In terms of what the role entails, I will be handling manuscripts in the metabolism field in the same way that other editors on the journal work. But I also see my role as promoting Development to researchers working in the metabolism field and trying to grow this area in the journal. So I'd encourage anyone with a story they think might be suitable for the journal to consider submitting, and to get in touch if they want to discuss the paper further!
What kinds of research in this area do you find particularly exciting right now?
I think there are two things I'd say here. The first is the idea that metabolites can be instructive during development – that cell fate transitions or organ formation can be dictated by a metabolic change. 10 years ago, if you pulled a metabolic gene out of a screen, you'd think it was some boring housekeeping gene and you wouldn't look at it any more. But we're now beginning to learn that all these processes we used to think of as ‘housekeeping’ differ between cell types and are instructive for development. So the idea that there are specific metabolic transitions and particular metabolites that affect developmental events is really fascinating, but we know very little about it. There's a lot still to understand both about the mechanisms by which metabolic changes regulate development – through epigenetic modifications, signalling and perhaps other routes we've not thought about yet – and about the functional consequences of those changes.
Second, I'm very interested in the idea of continuing development throughout life: developmental biology isn't the same as embryology – it doesn't end when the animal is born. There is a lot of organ remodelling after birth and all the way through adult life, involving both adult progenitors and their postmitotic progeny. I think much of this will be dictated by external or systemic inputs – nutrition, reproductive state and so on – so there are many possibilities for interaction between nutritional state, metabolism and developmental processes that we still have to learn about.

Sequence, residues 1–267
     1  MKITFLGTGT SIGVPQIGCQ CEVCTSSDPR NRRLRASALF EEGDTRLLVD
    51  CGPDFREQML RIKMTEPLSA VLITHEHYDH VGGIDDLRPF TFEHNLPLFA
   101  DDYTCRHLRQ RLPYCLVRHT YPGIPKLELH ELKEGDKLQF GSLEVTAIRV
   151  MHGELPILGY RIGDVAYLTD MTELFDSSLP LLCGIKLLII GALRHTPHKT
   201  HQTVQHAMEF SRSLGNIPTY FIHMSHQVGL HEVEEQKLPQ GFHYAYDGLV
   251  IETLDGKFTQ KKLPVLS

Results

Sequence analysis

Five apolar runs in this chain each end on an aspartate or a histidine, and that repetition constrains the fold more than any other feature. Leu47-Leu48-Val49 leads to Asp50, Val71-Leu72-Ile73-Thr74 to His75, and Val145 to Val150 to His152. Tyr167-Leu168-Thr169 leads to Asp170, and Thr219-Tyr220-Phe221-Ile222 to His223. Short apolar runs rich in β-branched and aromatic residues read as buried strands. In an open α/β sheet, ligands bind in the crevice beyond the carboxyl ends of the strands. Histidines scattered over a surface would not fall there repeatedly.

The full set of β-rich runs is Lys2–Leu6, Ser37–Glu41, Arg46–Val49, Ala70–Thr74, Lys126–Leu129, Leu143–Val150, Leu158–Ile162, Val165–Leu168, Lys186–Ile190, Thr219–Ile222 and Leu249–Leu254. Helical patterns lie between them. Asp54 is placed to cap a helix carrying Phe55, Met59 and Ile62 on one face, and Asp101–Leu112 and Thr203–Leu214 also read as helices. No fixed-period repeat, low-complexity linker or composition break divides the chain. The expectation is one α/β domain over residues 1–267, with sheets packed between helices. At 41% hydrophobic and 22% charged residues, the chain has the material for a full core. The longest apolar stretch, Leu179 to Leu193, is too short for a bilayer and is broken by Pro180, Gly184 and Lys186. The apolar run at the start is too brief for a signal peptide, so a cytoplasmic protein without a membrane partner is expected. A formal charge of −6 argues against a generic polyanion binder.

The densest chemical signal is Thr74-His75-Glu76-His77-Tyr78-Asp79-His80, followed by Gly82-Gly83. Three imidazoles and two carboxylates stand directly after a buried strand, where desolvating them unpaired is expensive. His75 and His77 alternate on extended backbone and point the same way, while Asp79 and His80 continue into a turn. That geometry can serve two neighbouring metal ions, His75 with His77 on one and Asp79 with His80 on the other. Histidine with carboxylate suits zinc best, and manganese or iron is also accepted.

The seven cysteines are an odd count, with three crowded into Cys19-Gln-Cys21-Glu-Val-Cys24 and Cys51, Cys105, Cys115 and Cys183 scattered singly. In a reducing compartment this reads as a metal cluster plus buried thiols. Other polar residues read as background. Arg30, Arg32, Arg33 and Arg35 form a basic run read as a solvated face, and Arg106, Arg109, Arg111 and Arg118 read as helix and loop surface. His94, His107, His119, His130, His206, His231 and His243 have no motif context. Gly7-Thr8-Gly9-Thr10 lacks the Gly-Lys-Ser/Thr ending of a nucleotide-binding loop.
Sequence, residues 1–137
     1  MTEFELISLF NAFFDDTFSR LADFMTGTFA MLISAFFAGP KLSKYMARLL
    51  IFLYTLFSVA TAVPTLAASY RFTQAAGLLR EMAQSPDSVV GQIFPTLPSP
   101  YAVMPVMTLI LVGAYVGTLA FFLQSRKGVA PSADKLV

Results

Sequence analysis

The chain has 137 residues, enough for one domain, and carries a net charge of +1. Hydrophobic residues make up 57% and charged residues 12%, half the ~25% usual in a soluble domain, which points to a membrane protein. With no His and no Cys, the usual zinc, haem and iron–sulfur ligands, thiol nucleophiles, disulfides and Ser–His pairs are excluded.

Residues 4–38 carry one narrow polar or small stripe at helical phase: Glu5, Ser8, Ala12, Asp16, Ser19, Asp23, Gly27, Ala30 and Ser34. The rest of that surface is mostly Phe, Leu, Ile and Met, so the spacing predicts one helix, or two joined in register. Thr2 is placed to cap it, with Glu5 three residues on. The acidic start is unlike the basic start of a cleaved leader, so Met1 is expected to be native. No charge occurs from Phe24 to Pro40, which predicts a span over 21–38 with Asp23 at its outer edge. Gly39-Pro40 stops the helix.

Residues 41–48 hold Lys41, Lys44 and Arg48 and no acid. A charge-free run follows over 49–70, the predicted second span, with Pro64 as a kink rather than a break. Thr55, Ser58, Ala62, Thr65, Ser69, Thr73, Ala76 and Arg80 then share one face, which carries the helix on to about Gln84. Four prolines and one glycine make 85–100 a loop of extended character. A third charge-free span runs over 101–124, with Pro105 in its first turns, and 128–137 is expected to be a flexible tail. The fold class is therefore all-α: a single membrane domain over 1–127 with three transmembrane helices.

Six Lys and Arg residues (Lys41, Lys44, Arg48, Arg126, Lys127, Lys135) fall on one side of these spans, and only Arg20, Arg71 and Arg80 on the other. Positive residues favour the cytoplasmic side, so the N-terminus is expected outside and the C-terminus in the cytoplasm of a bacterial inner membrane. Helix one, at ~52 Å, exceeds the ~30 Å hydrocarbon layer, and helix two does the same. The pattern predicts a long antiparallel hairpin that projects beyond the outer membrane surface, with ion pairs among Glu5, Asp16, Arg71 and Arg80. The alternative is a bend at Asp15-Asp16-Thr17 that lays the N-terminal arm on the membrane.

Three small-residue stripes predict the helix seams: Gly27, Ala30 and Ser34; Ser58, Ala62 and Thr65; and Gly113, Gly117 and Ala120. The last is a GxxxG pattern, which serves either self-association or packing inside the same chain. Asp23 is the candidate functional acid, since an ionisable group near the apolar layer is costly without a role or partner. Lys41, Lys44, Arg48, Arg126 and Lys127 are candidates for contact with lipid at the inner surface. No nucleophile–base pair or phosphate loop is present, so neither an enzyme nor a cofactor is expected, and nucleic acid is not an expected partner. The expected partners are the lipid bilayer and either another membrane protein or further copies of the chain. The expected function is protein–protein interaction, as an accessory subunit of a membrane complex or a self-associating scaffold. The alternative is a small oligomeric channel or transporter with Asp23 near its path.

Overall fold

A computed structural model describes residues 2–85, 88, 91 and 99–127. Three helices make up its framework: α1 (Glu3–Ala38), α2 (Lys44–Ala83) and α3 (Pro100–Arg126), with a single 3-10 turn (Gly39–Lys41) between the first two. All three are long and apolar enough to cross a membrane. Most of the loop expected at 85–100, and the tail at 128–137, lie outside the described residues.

Metabolism is much more dynamic than had previously been recognised – both across space and time – and we don't have all the tools we need to look at this, particularly not at the ‘omic’ scale
Are there tools or resources that we need to develop to really help push this field forwards?
One major issue we have in the field is annotation of metabolites, especially in non-mammalian species. We still know relatively little about what metabolism looks like in some of these systems, and we tend to make inferences based on what we know in mammals. But there may be differences between, for example, Drosophila and mammals. More generally, I think there's increasing recognition that – contrary to what I believed at the end of my undergrad – our knowledge of all these metabolic pathways is incomplete and there may be things happening that aren't in the text books.